SDPB Producer/Media Specialist Stephanie Rissler will present highlights of her interviews in the Black Hills, especially Fall River County towns such as Ardmore, Smithwick, Cascade and Oral.
By Cathy Nelson
HOT SPRINGS – For the love of Ardmore, Smithwick, Cascade, and Oral, what happened to these towns? People lived there, worked there, raised their families there, and now only a post office or a bank or a school remains standing as a monument to what was but is not anymore. Because these towns are nearby, we pass through them from time to time on our way to other places and cannot help but wonder, what were they like back in the day?
On Friday, April 5 at the Hot Springs Theatre at 2 p.m., the public will have an opportunity to learn more about these towns and other towns in South Dakota when South Dakota Public Television (SDPB) presents a free 30-minute screening of its newest documentary, “Vanished South Dakota: Towns of Yesterday.”
This thought-provoking program visits remnants of once-thriving towns to discover what led to the birth, boom and demise of formerly prosperous communities throughout the state. After the screening SDPB Producer/Media Specialist Stephanie Rissler will share highlights of her interviews in the Black Hills and specifically Fall River County towns. Glen Reaser of Hot Springs will give an insight into early days in Smithwick.
“SDPB loves to produce stories that can be shared about the entire state,” said Carol Johnson with Friends of SDPB. “We want to share stories about towns that used to be thriving; towns that once were and that we don’t want to forget.”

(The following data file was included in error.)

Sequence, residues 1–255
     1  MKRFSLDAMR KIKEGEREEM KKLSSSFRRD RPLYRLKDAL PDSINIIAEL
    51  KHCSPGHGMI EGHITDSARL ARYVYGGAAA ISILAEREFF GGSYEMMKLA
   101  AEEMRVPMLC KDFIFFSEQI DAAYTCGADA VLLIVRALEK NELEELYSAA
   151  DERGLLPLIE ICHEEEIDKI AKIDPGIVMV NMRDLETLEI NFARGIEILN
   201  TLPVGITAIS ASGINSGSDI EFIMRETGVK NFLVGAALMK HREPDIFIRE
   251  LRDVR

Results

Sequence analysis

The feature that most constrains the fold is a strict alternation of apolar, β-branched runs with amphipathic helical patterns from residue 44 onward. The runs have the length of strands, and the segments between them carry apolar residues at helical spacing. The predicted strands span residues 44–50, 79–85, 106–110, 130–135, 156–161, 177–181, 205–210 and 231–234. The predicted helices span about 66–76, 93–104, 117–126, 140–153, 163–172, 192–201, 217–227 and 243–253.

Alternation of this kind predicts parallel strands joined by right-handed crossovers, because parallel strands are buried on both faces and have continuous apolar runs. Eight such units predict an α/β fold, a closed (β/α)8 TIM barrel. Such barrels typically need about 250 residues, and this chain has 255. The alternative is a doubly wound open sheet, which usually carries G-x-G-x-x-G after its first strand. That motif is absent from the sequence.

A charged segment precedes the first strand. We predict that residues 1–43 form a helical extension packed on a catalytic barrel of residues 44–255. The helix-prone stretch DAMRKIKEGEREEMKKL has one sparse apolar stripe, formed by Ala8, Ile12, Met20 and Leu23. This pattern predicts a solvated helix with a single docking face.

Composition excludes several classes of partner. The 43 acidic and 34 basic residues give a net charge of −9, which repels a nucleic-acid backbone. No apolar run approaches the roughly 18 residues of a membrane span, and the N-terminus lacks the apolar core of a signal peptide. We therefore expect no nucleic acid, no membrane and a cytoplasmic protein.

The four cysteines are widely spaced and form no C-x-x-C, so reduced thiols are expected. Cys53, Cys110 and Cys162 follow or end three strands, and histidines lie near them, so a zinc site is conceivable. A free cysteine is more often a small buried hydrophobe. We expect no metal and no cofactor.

Rissler, who has been with SDPB for 25 years, started working on the project in the summer of 2018 through October 2018. She and her team worked on the editing of the project last summer, and the entire documentary, which is 55 minutes long, will be aired on SDPB in August 2019.
“We’ve visited over 65 locations where towns once existed or are nearly vanished,” Rissler said. “Almost every location we’ve visited will be showcased by video.” Although not all towns will have their stories told.
Folks of all ages are drawn to stories of yesteryear, Rissler said. “People share their own stories of once living in communities like the ones featured in the documentary,” she said. “They thank us for providing everyone a glimpse of the towns and communities that once thrived and are now nothing more than grass fields with a glimpse of concrete where mother nature has reclaimed herself.”
The railroad was the biggest reason, with some exceptions, for the creation and demise for most the towns featured in the documentary. “As the railroad companies worked their way west, small towns popped up along the way,” Rissler said. “Those towns were places where the trains could refuel.” Trains could only go 7 to 10 miles before they needed water again.
“When transportation methods began to advance with the creation of the automobile, the rail system was no longer needed and eventually rails were pulled up, and the town would quickly dry up,” Rissler said.
However, the Black Hills is a bit different than most of the towns featured in the documentary. They were old mining towns. “The mines had the biggest impact on the creation and, eventually, the demise of the towns,” she said. “Once the mines dried up, so did the towns.”
Time may have stopped 50 years ago for some of our South Dakota towns, but their stories will continue as SDPB presents “Vanished South Dakota: Towns of Yesterday” at the Hot Springs Theatre.